What is Negligence—Part 1—The Standard of Care

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If you’ve been injured by another person, there are a number of different approaches to pursuing compensation for your losses, based in part on how the law treats certain types of acts, and in part on the state of mind of the person committing the act that caused your injury. For general purposes, though, most personal injury claims are either based on an intentional act or negligence. The vast majority of personal injury lawsuits allege negligence.

So what do you need to show to demonstrate that a wrongdoer (known under the law as a “tortgfeasor”) was negligent? Here are the basics:

The first thing to understand about negligence is that it’s based on the premise that everyone, in everything that they do, has a duty to exercise a certain level of care. Whether you are driving a car, operating a power tool, designing a product or leasing out an apartment, you have a duty under the law to use some degree of care at all times. What is that standard? In New Jersey and across the United States, the duty is to act as a reasonable person would. Doesn’t help much, does it—just what would a reasonable person do? Some courts have gone further in attempting to define the standard of care, saying it’s essentially that level of care that would be exercised by an “average person of ordinary prudence.” Still not much help, but that’s generally as far as the courts are willing to go.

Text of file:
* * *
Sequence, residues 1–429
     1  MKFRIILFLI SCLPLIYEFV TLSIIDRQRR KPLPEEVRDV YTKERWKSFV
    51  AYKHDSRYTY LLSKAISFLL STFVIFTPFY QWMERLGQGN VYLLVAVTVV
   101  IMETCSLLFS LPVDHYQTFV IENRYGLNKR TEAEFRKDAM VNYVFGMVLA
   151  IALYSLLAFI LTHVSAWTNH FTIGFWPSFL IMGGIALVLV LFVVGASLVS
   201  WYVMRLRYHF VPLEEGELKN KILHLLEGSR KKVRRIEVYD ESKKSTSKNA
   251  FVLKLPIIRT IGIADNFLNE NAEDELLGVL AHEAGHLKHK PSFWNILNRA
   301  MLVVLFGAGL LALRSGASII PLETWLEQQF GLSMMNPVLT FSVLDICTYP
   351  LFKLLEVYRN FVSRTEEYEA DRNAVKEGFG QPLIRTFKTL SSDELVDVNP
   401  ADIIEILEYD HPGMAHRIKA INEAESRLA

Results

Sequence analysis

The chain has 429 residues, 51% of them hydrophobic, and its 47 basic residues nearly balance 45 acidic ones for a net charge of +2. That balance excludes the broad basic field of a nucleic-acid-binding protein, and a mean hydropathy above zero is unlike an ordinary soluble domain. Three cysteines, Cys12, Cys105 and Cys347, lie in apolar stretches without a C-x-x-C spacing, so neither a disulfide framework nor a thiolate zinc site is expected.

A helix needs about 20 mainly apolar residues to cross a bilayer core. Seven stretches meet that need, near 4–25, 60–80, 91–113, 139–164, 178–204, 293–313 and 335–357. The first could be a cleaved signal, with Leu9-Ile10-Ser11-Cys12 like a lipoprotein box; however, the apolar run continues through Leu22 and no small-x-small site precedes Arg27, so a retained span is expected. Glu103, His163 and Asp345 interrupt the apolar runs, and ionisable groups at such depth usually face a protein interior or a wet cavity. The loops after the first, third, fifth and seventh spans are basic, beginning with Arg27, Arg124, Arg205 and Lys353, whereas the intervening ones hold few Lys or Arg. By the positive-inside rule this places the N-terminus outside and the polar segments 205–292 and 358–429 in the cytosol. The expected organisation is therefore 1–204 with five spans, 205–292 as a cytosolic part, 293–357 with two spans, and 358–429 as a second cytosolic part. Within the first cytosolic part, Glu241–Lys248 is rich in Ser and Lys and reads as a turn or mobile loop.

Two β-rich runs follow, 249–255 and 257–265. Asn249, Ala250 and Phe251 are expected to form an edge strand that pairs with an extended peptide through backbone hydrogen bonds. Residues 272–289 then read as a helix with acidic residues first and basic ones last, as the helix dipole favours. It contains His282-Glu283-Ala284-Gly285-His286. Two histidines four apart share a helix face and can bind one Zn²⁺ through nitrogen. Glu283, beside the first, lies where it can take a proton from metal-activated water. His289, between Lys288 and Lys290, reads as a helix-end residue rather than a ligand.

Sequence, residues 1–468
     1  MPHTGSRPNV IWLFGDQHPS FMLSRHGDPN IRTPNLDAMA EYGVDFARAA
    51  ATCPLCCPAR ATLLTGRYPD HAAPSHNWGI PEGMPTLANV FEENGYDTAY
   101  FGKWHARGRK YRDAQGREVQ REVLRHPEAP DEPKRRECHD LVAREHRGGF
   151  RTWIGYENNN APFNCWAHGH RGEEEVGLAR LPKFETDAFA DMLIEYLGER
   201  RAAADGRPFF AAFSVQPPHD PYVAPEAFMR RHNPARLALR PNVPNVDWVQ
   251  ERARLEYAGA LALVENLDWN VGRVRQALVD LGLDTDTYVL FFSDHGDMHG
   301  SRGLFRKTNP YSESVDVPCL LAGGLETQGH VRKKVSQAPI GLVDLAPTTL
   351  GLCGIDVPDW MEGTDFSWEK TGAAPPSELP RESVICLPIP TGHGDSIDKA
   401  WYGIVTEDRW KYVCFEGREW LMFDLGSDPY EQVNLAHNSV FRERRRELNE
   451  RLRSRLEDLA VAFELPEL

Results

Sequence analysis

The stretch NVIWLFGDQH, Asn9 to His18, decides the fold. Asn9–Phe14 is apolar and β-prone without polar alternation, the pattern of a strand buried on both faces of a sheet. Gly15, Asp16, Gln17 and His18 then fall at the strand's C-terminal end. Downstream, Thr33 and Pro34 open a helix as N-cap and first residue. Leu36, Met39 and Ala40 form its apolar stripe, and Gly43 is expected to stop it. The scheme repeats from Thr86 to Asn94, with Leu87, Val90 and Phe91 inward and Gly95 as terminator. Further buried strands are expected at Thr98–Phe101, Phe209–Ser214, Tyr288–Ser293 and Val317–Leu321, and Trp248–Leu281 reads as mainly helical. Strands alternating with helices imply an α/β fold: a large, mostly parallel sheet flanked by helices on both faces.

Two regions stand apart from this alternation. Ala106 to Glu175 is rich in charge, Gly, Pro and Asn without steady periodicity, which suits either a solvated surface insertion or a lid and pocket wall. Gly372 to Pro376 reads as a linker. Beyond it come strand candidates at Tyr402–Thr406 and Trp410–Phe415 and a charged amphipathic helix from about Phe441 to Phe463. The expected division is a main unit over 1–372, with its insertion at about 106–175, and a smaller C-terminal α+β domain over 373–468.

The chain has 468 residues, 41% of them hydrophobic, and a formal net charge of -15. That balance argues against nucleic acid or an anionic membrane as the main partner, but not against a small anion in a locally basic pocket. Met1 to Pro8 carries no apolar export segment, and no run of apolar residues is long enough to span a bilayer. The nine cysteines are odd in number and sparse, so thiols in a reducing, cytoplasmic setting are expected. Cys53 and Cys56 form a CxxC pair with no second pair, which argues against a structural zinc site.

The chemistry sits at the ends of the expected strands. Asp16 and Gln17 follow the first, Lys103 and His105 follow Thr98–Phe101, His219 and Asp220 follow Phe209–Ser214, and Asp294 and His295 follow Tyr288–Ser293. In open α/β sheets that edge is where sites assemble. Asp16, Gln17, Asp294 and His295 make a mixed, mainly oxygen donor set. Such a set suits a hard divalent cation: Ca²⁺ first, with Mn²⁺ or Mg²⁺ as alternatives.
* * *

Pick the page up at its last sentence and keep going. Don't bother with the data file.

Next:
As a practical matter, what constitutes the required degree of care is determined by a jury whenever a case goes to trial. So, if you’ve been injured because a neighbor failed to shovel his sidewalk and you slipped and fell on the snow/ice, the jury will have to take a look at the facts of the case and determine if the actions of your neighbor were reasonable. That can be affected by a number of factors:

  • How heavily was it snowing?
  • Did your neighbor have knowledge that it was snowing (did it snow in the middle of the night?)
  • Should your neighbor have expected that it would snow and would pose a safety risk?

The important thing to understand about the standard of care is this—to win a personal injury claim based on negligence, you have to show that the defendant did not exercise the level of care that a reasonable person would. In legal terms, you must show that the defendant “breached” the duty to exercise reasonable care.

Click here to read Part 2 of “What is Negligence

Contact the Attorneys at Mallon & Tranger

We offer a free initial consultation to anyone who has been injured by the carelessness of another person. To set up a meeting, contact us online or call us at 732-410-6094 (toll free at 877-320-0692) for an appointment. We have offices in Freehold, Toms River and Point Pleasant.

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